In 1992, Robert Coover was writing (“The End of Books”) that the hypertext is carrying out “the reader’s release from the supremacy of the author”, apart from offering and “encouraging a plurality of discourses” (“discourse” in the meaning of a kind of writing, a way of conceiving and transposing an idea into text, or a way of comparison with the formal materiality of the textuation). How is this possible, - we could ask ourselves -, after the famously decreed “death of the author” (Roland Barthes)? To say the least, we might find it dubious to keep talking of “author” and of auctorial personality (as dictatorship) in the virtual context of the more and more accentuated orality of the net-inhabitants, living in the virtual space of a “global village” (McLuhan). Consequently, the new conventions of writing and reading – which I will denominate, in comparison with the classical way of writing and with the reader-consumer, as “personal-differential” - are releasing the reader from the tyranny of the producers, conceding him the freedom of shifting along the hypertext as he likes, allowing him to endlessly (de)modulate the informational bytes.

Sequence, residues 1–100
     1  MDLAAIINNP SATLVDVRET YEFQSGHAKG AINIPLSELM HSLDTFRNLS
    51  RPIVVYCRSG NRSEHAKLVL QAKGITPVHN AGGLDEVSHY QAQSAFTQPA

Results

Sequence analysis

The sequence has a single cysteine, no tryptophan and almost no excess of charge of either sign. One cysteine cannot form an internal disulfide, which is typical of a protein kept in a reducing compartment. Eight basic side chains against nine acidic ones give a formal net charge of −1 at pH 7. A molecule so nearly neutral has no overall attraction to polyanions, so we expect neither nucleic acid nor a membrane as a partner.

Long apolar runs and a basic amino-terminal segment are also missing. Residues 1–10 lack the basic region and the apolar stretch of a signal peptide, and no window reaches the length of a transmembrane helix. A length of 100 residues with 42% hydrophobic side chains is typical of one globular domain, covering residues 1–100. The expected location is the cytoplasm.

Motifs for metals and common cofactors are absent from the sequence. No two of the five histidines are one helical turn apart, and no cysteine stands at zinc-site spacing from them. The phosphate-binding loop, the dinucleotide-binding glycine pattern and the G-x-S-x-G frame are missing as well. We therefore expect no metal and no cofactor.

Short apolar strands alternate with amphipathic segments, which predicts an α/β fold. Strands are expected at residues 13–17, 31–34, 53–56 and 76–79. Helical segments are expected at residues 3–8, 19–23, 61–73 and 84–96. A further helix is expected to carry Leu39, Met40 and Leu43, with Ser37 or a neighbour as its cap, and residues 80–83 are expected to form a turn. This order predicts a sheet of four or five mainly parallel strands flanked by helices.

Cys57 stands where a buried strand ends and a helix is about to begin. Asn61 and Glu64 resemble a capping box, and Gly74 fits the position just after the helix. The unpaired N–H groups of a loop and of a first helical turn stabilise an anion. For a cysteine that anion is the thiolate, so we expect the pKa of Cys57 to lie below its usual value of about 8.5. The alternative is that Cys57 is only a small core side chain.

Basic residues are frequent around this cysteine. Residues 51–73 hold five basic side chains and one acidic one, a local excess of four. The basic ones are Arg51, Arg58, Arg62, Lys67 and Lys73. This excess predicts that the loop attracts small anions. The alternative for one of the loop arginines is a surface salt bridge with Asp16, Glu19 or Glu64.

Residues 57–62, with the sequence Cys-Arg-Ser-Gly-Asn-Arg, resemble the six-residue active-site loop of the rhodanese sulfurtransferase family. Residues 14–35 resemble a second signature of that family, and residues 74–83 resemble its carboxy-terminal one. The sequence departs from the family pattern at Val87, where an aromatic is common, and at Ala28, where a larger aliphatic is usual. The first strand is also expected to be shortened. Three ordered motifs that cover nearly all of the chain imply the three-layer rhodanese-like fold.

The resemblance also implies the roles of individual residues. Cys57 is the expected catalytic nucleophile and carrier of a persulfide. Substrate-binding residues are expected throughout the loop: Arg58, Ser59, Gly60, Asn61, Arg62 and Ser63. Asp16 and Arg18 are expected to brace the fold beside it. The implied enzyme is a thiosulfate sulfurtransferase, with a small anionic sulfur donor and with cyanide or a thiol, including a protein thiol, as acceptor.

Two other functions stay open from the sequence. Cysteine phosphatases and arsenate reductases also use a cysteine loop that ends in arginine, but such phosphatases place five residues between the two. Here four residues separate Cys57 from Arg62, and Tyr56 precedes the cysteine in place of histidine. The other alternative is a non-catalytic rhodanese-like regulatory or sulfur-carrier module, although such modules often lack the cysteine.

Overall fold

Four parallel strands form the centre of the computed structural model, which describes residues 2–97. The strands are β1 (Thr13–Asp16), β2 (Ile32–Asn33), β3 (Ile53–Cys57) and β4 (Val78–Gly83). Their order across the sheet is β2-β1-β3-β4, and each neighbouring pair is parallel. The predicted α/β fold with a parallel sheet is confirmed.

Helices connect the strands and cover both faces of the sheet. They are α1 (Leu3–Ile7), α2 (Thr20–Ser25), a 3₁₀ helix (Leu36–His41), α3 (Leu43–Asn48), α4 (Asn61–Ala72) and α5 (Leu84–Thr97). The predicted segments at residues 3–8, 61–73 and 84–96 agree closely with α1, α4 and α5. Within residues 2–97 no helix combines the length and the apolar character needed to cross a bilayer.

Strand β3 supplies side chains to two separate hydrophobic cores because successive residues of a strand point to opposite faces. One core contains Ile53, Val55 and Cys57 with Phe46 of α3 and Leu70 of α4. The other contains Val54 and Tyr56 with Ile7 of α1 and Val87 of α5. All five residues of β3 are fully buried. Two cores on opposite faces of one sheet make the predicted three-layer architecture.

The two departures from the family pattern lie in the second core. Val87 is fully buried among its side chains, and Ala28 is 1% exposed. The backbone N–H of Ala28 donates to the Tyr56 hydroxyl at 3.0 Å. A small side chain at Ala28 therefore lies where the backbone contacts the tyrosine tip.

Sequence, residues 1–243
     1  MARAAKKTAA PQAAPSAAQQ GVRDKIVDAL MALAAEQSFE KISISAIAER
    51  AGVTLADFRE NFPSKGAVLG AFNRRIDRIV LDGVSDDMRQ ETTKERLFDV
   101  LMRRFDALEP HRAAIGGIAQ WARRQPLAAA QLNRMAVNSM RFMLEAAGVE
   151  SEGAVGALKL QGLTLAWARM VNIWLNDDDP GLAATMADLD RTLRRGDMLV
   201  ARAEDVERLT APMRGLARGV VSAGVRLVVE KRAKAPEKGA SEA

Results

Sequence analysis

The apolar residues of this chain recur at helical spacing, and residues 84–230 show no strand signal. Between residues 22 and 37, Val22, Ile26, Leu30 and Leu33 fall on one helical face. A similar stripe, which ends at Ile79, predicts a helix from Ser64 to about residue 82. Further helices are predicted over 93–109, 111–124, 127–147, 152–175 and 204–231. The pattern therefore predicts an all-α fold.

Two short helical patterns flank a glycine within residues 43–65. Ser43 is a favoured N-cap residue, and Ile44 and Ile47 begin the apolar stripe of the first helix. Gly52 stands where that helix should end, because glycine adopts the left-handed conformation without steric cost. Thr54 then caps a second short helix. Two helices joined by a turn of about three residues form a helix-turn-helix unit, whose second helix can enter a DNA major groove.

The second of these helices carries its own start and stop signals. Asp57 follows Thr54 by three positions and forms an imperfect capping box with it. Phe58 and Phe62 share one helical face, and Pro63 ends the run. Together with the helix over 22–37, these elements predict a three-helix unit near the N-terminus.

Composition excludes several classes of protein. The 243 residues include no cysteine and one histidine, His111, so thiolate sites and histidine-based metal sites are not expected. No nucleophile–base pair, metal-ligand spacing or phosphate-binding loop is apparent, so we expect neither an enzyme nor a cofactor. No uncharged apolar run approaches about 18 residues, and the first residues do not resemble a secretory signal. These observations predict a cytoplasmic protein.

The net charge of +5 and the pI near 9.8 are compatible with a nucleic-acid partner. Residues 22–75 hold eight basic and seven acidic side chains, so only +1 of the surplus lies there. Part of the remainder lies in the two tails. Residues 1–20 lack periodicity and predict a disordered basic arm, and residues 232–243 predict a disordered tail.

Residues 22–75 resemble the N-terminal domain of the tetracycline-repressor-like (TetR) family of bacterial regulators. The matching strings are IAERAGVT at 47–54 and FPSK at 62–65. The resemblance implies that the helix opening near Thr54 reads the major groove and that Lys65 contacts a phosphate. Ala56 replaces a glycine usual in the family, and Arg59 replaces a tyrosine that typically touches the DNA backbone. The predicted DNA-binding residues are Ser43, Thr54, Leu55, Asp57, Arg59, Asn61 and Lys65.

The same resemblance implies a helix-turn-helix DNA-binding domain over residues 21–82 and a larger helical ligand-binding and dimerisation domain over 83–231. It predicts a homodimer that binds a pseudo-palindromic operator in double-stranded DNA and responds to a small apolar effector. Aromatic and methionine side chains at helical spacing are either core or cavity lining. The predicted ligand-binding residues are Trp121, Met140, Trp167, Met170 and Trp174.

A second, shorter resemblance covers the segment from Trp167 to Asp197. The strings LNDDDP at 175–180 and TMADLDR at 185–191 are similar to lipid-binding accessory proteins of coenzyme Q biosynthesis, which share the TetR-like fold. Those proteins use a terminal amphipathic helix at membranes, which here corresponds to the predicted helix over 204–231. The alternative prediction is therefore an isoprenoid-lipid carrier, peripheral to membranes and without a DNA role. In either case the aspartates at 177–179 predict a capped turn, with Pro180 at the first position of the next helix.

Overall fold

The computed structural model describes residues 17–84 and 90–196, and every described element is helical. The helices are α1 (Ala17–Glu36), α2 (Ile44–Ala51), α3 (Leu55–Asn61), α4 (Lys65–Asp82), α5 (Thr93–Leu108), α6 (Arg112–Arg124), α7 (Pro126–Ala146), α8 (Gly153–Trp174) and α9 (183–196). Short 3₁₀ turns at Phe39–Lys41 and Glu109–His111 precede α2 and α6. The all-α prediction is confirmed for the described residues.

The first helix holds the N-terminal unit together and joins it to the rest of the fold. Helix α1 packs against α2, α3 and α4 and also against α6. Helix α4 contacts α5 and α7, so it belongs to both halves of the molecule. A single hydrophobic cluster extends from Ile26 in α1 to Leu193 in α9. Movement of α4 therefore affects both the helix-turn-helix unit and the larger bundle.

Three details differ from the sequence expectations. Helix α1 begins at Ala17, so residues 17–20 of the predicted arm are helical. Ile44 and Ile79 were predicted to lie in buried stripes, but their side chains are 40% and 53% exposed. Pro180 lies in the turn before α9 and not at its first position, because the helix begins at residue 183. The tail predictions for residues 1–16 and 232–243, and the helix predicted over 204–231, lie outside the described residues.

This is, to some extent, a false idea, which comes out of reader’s excessive need for self-personalization, a reader who gains his freedom of thinking only in a friendly context, which he can interpret at will, considering he can manipulate it and make use of it in his own interest. I have previously stated that this impression, of an emancipation from the text and from its author, is false at some extent because it relies on a conceptual illusion the reader has about a supposed honesty and probity of the one who releases his own ideas and arguments into the world. Any kind of ideatical construction displays (in the subtext that is, actually, the strength point of its structure - hidden or camouflaged in rigorous and solid demonstration -) a certain “perversion of the intelligence” (copyright Miron Ghiu & Ana Maria Caia); no author is so “fool” to reveal it as it represents the foundation of his performance, and constitutes its unmistakably originality and persuasion. Are we able to say why, for instance, we prefer Derrida to Deluze, Jimi Hendrix to John Lee Hooker or why we surf on the web through Netscape instead of Microsoft Internet Explorer? No, we are not. We have on purpose chosen these examples at chance, in order to prove that, either it concerns a post-structuralist philosophy, the blues or the software, there is always a “poetic” of the art of “making yourself enjoyable”, regardless the domain.